Hundreds Of Protesters Turn Backs On Margaret Thatcher’s Coffin

Some stand in silence while others shout ‘Tory scum’ as funeral procession passes on way to St Paul’s. Read this story on the Guardian here.

Hundreds of protesters turned their back on Margaret Thatcher’s funeral procession on Wednesday during a highly charged but peaceful demonstration.

People gathered at Ludgate Circus near the end of the route, where organisers had called for a silent protest against Thatcher and her policies.

In the event there were shouts of “what a waste of money” and “Tory scum” as Thatcher’s coffin passed by at about 10.45am although there were no reports of violence. Similar shouts at other points on the route were drowned out by rival clapping from supporters of Thatcher.

Rebecca Lush Blum, 41, from Hampshire, who set up a Facebook group to organise the event, said she was pleased people had been allowed to voice their anger at Thatcher’s legacy.

“We have shown the world that not everyone in this country thinks Margaret Thatcher was a great thing for this country … today felt like an important moment in the battle over what her legacy is and what sort of country we want so I am pleased that our voice was heard.”

Police had told Blum that the protest could go ahead and by 9.30am around 100 people had gathered at Ludgate Circus. As the first ceremonial military band went past just before 10am there were boos and cries of “waste of money” from protesters. Thatcher supporters – including one man on a balcony overlooking the crowd in a suit and Thatcher T-shirt – clapped and cheered.

Numbers of protesters swelled and by the time Thatcher’s coffin went by at 10.45 police at the scene estimated there were about 300 protesters.

The atmosphere was tense, with military personnel gathered at the other side of the road, clapping and cheering.

Dave Winslow, 22, an anthropology student from Durham who was holding an acrylic placard reading “Rest of us in Poverty” and wearing a T-shirt with the messages “Power to the people” and “Society does exist”, was one of those who wanted a silent protest.

“We want to maintain a dignified protest. It’s counterproductive to cat-call and sing Ding Dong, the Witch Is Dead. The message is that spending £10m on such a divisive figure in times of austerity, especially when austerity is being imposed on the poor, is wrong, especially when harm is being caused to the disabled and the NHS.”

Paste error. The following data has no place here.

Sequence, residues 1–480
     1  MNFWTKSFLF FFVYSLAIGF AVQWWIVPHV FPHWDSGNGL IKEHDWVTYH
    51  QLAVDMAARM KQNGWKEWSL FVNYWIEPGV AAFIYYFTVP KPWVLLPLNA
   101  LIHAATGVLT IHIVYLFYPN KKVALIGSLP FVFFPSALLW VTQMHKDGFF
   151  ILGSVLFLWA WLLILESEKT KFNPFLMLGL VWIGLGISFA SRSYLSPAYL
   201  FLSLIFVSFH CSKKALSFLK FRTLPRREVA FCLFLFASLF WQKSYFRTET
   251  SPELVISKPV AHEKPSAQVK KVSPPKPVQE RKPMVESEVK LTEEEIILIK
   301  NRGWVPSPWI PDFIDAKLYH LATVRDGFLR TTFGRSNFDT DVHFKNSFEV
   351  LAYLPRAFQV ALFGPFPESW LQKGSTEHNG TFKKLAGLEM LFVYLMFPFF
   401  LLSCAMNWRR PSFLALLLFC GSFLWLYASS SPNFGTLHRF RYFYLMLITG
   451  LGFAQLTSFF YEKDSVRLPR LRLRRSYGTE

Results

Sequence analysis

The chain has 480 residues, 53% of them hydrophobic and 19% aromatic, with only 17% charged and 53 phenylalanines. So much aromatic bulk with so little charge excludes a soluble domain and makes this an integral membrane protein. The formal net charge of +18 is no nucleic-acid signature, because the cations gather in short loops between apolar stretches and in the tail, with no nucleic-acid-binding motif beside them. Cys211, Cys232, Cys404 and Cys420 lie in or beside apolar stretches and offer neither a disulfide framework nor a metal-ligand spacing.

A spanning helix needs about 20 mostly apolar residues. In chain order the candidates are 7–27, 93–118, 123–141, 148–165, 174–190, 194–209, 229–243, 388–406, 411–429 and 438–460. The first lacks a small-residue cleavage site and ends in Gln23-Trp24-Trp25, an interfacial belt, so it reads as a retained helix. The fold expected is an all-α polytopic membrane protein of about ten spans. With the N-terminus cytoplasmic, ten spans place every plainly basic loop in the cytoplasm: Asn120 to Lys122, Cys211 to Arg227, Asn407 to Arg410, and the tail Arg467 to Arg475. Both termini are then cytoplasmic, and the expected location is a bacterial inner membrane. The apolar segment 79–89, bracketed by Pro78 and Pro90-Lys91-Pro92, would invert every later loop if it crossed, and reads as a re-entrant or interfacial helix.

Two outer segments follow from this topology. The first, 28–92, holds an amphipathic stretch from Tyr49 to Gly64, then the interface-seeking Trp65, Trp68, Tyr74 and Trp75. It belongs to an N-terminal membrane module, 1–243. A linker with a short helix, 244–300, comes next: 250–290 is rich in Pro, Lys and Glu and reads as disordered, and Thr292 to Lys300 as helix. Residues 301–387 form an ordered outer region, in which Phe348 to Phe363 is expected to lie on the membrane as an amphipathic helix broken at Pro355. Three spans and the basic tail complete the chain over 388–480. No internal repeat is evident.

There was a heavy police presence during the protest with “liaison officers” mingling with the crowd and heavily armed police standing guard at the barriers along the route. Armed officers also took up positions on surrounding buildings.

Once the coffin had passed some protesters were visibly moved. One man, who did not want to give his name, had tears in his eyes. He said: “She ruined my family’s life. She took my dad’s job, everything … I promised myself I would come here for this day years ago.”

Julie Guest, who had been in Iraq in 1998, said she pledged she would come when she saw a six-year-old Iraqi boy die because sanctions had stopped him getting medical treatment.

“The consequences of her policies have spread a long way in this country and abroad and I said to myself when I saw that boy die that I would remember him when this day came.”

The funeral procession passed within a couple of minutes and the crowd began to disperse. Blum, 41, who had been besieged by media since the story about her planned protest appeared in the Guardian on Monday, said she was pleased and moved by what had happened.

“It’s provocative to have a state funeral for such a controversial politician, and I wanted to remember and respect all those who suffered under Margaret Thatcher. I think we did that today.”

The Metropolitan police said: “Additional police officers assisted their colleagues on ceremonial duty who were lining the route around Ludgate Circus after a barrier was pushed. There was a small group of protestors behind the barrier.

“The incident occurred a short distance away from the funeral cortege. [There were] no arrest[s] and no interaction between police and protestors.

“Police also received reports of items being thrown towards the funeral cortege, however we can confirm that these were flowers.” © 2013 Guardian News and Media Limited or its affiliated companies. All rights reserved. | Use of this content is subject to our Terms & Conditions | More Feeds

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